Happy Saturday, y’all! Here are some links from things I’ve seen this week.
:: First, a very somber one. By now we’ve all heard about the horrible gun-related mishap that took place on a film set, in which the film’s cinematographer, Halyna Hutchins, was actually killed. Sheila O’Malley posted about it, and she wisely centers Hutchins and her work, as opposed to centering the gun or, as some other outlets did, Alec Baldwin. This should not have happened, and a life was snuffed out because of it.
:: Shutting Down the Manufactured Critical Race Theory “Debate”. Good piece on the staggering levels of intellectual dishonesty in the American right’s recent adoption of Critical Race Theory as their bogeyman du jour. Aside from being an interesting piece in its own right, this little factoid, illustrating Alabama’s evolution on racial issues to the point where they are now entering the year 1911, floored me:
First, ALABAMA! This is the state whose rampant racism and entrenched Jim Crow segregation laws prompted Rev. Dr. Martin Luther King, Jr. to organize civil rights protests there and pen “Letter from Birmingham Jail;” a state whose Constitution included a ban on interracial marriage until a statewide vote in 2000; and a state whose governors, including Ivey, are still sworn in with the same Bible used to inaugurate Jefferson Davis as the president of the Confederacy.
Wow. Imagine using that Bible as if it’s some kind of beloved totem. That we allowed the creation of a mythology about the South’s honorable devotion to the Lost Cause will surely endure as one of America’s biggest historical errors.
:: Amusement Park. A nice piece of very short fiction.
:: Why America Fell Out of Love With the Pedestrian Mall. Many cities, in the 60s and 70s and 80s, invested heavily in closing sections of their downtown cores to automobile traffic in favor of the “pedestrian mall”, in hopes that a hybrid of the “mall” concept married with downtown infrastructure could somehow assist cities in combating their financial losses from the rise of suburbs and enclosed malls. Buffalo did this too, and in recent years has been slowly re-opening that section of downtown to cars, after the pedestrian mall did nothing to stop downtown’s devolution into a wind-swept swath of concrete, shuttered storefronts, and concourses devoid of people. Pedestrian malls can be successful, but they need some very specific conditions to thrive, which the author lays out. A good example of one that works is the Commons in Ithaca (a beloved locale of mine). It’s a perfect illustration of the author’s conditions for success: the Commons is not too large, comprising only a few blocks; there’s a dense population of youth in Ithaca, with two major universities there; and Ithaca by its nature is not conducive to urban sprawl (it’s a small city to begin with, and it is geographically hemmed in by steep hills, deep gorges, and a big lake to the north). Of course, the author is from Cornell, so obviously he knows Ithaca.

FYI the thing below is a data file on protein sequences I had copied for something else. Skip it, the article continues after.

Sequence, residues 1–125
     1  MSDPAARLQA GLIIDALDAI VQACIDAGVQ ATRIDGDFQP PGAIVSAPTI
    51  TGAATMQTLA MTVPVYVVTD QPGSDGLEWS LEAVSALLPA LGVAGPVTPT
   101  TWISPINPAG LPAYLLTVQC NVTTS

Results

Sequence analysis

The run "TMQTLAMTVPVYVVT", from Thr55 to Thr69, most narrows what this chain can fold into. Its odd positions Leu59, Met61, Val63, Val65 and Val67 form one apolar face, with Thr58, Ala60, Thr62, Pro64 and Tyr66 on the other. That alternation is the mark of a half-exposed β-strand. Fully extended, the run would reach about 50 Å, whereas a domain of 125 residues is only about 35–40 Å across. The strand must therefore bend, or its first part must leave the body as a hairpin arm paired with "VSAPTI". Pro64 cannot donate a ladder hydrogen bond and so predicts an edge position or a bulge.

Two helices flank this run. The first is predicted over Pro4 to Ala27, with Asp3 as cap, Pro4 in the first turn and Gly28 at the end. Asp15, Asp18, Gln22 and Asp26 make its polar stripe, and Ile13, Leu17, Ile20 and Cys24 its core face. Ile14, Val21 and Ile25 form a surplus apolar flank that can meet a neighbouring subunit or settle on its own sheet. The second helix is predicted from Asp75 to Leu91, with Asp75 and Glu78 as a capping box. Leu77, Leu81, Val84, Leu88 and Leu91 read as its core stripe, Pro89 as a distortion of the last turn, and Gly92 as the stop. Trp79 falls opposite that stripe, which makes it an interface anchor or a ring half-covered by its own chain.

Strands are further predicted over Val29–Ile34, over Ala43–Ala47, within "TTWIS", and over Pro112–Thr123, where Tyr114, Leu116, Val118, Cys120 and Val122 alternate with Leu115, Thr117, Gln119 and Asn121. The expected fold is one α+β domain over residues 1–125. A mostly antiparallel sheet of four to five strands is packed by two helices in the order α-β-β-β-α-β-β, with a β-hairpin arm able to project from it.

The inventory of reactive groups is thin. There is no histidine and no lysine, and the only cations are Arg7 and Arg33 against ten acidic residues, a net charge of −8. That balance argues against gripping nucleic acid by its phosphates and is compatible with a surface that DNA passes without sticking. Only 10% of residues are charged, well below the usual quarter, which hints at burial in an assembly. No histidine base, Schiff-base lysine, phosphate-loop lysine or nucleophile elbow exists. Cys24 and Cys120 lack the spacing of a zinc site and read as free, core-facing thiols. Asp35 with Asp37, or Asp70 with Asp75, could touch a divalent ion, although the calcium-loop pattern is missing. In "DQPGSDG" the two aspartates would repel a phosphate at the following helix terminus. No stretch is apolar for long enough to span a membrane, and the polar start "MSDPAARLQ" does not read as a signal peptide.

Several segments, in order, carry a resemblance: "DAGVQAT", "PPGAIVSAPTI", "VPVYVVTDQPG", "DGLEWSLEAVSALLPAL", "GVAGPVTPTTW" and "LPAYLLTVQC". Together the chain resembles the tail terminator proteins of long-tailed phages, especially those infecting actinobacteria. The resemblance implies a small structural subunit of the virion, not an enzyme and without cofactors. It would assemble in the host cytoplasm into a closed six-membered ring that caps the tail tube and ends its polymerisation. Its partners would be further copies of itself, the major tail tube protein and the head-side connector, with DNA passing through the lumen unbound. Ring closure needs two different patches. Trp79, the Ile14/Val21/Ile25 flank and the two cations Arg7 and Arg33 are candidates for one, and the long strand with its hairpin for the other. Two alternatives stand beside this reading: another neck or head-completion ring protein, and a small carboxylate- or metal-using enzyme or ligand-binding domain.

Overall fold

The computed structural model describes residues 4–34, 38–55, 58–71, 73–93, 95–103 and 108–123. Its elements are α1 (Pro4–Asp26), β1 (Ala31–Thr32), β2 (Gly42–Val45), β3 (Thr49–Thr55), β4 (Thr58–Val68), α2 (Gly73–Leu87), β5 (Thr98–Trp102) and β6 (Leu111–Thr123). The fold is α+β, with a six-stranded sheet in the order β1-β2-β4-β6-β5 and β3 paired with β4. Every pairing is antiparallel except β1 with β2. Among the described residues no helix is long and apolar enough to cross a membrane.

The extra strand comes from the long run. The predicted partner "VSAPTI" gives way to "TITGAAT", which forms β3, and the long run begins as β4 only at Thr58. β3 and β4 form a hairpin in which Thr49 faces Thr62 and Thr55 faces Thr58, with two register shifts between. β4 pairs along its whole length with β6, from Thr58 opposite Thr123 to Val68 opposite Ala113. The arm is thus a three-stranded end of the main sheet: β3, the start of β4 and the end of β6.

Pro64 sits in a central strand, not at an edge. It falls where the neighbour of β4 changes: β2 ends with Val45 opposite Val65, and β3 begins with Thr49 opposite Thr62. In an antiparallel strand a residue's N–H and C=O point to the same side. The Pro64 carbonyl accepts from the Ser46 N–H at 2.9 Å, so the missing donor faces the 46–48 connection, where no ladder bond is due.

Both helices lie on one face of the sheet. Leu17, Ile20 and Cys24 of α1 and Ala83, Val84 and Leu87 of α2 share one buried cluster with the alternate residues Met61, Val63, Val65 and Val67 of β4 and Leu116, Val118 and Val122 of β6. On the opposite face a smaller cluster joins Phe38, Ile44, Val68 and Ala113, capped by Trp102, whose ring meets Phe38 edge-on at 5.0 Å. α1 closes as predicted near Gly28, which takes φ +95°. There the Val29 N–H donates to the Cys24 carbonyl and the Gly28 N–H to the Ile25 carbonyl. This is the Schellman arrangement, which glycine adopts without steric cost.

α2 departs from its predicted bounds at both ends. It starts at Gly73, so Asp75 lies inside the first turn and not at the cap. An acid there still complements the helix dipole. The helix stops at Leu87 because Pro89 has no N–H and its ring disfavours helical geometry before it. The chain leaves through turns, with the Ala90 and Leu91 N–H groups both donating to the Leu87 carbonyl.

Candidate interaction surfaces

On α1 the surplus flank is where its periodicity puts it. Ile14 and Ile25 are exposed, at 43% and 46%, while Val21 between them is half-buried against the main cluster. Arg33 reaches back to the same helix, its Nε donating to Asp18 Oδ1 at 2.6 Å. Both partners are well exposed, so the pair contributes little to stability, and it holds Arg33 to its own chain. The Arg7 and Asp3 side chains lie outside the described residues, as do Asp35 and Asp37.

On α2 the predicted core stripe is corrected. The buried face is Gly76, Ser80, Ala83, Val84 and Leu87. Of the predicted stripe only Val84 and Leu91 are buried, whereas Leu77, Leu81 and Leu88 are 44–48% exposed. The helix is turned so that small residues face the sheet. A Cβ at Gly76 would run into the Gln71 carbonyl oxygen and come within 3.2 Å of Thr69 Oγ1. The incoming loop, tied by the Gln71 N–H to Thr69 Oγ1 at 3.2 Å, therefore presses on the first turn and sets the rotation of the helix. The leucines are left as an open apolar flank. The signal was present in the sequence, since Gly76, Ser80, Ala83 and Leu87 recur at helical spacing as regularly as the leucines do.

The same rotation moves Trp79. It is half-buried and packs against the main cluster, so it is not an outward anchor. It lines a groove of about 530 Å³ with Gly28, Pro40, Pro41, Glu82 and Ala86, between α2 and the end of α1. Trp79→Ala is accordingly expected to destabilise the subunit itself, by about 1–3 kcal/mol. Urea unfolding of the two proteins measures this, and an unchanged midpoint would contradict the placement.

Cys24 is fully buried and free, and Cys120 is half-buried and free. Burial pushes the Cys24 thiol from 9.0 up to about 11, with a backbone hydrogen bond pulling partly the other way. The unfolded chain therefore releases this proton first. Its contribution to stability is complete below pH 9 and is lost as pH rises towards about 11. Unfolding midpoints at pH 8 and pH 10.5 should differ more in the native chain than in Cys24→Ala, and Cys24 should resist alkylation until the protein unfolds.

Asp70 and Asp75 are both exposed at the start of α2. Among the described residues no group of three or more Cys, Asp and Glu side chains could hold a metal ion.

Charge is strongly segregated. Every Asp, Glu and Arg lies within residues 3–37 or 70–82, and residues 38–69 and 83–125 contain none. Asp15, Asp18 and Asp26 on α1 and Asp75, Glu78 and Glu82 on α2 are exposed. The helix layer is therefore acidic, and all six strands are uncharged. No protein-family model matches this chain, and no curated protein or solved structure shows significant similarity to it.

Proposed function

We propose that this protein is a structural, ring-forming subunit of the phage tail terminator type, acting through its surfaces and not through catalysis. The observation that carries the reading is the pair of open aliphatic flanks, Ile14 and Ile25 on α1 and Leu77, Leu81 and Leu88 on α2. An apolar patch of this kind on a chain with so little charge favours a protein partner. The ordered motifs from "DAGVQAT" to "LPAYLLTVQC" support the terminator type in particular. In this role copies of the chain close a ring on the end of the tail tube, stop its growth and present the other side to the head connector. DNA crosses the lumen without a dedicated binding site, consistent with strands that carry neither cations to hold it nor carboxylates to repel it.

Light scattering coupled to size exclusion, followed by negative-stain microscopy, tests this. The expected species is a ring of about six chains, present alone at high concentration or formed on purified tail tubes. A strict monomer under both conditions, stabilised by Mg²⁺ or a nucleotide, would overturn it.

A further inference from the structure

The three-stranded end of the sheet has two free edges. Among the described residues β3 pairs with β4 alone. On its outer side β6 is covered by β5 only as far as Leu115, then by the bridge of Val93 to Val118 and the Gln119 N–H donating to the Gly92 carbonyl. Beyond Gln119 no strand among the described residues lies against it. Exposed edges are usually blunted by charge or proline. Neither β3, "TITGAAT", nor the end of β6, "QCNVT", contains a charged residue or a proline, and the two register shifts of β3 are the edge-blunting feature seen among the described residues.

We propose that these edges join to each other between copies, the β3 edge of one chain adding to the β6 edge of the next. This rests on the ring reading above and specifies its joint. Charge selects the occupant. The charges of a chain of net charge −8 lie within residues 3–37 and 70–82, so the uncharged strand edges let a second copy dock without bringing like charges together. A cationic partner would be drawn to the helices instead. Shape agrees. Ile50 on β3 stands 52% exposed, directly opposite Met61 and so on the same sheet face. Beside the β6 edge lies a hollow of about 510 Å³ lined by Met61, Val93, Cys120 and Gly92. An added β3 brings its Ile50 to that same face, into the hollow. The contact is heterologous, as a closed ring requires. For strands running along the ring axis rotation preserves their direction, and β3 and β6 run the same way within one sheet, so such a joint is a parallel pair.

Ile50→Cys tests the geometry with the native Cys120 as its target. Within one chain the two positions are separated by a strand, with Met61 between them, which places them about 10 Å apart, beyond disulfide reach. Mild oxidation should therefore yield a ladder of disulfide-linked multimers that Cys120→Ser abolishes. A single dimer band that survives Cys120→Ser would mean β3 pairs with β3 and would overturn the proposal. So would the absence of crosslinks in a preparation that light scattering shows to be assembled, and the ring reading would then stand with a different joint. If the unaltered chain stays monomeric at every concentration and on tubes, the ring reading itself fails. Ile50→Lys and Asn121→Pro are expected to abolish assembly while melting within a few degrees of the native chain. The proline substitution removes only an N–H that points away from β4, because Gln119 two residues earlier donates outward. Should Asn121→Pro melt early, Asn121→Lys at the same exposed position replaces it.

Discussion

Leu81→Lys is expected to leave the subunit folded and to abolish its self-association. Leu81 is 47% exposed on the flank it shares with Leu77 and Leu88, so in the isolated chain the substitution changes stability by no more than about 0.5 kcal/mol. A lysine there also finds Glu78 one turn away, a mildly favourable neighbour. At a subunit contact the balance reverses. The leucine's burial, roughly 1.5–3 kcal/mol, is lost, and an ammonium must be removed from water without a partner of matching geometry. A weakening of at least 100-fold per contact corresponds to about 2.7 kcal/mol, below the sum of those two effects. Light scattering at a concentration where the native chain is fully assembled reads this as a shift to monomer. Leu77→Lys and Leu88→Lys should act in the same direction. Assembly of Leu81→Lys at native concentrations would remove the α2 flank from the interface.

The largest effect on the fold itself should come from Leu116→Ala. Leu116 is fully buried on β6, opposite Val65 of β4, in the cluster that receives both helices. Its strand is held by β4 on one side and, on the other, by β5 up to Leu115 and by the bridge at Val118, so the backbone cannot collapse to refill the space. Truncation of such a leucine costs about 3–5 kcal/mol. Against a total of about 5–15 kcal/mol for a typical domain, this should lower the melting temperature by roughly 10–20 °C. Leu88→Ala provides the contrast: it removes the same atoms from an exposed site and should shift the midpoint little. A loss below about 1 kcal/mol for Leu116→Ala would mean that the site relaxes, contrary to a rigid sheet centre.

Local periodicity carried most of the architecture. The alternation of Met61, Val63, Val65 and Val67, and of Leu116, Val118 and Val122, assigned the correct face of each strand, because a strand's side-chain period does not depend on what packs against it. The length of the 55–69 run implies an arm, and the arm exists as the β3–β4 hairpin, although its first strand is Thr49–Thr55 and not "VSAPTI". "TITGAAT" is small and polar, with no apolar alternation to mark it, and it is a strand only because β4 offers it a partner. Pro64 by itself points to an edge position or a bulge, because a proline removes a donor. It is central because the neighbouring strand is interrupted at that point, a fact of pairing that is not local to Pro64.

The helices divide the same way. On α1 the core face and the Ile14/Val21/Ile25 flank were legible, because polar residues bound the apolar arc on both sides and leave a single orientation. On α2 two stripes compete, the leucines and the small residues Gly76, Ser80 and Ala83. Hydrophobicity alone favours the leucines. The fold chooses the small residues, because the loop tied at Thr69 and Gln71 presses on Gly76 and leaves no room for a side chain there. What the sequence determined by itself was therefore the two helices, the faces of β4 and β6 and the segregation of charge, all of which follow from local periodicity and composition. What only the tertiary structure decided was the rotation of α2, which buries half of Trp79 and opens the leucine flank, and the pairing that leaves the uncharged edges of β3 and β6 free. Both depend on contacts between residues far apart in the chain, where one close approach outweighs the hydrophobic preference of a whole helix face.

:: Walking America, part four: Buffalo. A fascinating photo essay (that started as a series of Instagram posts, well worth checking out) by someone who walked pretty much from one side of Buffalo’s city limits to the other. I’m glad that he picked up on both poles in Buffalo’s general civic mood these days: “We’ve been through the ringer”, and “We’re comin’ out OK.”
As anyone who has been through a tragedy, or an addiction, or been on the losing side of whatever knows, survival requires eventually moving on. You can only worry so much what others think about you. At some point you just have to laugh it off and remember to live as you want to live.
That is what Buffalo feels likes now. A city fully in recovery.
:: Finally, a favorite installment of one of my favorite comic strips. Obviously 4-year-old Alice has no idea as to how the teevee remote control actually works, but…well, I totally endorse the idea of a “pie fight” button!